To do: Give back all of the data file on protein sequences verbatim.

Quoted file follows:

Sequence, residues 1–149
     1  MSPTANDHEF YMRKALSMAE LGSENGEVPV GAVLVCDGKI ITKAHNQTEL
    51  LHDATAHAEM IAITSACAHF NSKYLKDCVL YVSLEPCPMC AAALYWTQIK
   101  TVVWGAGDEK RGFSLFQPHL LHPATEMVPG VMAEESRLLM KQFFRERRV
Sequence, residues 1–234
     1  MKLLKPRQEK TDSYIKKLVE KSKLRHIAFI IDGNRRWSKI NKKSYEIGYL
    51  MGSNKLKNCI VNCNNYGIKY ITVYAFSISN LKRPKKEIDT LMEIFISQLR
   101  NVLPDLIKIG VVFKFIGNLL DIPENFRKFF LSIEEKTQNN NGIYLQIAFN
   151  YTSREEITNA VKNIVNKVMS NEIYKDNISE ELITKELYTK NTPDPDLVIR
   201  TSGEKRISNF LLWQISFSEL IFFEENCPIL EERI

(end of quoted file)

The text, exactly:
Sequence, residues 1–149
     1  MSPTANDHEF YMRKALSMAE LGSENGEVPV GAVLVCDGKI ITKAHNQTEL
    51  LHDATAHAEM IAITSACAHF NSKYLKDCVL YVSLEPCPMC AAALYWTQIK
   101  TVVWGAGDEK RGFSLFQPHL LHPATEMVPG VMAEESRLLM KQFFRERRV
Sequence, residues 1–234
     1  MKLLKPRQEK TDSYIKKLVE KSKLRHIAFI IDGNRRWSKI NKKSYEIGYL
    51  MGSNKLKNCI VNCNNYGIKY ITVYAFSISN LKRPKKEIDT LMEIFISQLR
   101  NVLPDLIKIG VVFKFIGNLL DIPENFRKFF LSIEEKTQNN NGIYLQIAFN
   151  YTSREEITNA VKNIVNKVMS NEIYKDNISE ELITKELYTK NTPDPDLVIR
   201  TSGEKRISNF LLWQISFSEL IFFEENCPIL EERI